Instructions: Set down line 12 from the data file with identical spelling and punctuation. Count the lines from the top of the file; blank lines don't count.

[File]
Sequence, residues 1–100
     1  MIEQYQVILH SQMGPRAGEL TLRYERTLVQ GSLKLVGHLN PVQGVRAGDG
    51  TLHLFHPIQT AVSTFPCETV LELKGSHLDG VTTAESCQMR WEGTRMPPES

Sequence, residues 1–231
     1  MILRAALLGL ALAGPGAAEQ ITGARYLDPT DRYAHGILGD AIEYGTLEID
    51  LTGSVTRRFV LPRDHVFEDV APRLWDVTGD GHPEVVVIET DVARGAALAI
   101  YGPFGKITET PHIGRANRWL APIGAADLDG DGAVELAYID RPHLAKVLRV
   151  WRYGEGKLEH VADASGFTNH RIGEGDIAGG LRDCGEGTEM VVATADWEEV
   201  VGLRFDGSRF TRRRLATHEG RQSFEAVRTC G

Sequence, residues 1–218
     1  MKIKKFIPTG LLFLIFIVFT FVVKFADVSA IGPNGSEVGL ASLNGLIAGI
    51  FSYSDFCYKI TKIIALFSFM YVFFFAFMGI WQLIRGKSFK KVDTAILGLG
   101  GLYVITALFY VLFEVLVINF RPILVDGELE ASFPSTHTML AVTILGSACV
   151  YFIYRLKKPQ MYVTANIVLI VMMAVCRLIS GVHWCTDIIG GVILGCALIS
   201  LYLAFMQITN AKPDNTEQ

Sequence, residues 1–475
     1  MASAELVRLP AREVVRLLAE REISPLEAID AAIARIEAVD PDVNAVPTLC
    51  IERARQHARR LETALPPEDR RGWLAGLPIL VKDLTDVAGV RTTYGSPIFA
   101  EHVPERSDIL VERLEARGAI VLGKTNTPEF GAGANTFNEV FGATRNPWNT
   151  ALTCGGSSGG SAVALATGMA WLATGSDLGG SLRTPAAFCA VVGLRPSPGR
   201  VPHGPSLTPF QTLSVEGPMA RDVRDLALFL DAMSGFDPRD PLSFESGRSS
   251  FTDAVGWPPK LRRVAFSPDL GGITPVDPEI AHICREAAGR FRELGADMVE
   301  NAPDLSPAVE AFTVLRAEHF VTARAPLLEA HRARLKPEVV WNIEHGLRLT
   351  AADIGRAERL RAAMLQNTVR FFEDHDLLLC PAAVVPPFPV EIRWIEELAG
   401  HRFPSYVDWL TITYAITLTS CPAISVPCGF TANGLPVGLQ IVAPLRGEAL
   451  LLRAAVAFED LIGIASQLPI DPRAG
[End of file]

    51  FSYSDFCYKI TKIIALFSFM YVFFFAFMGI WQLIRGKSFK KVDTAILGLG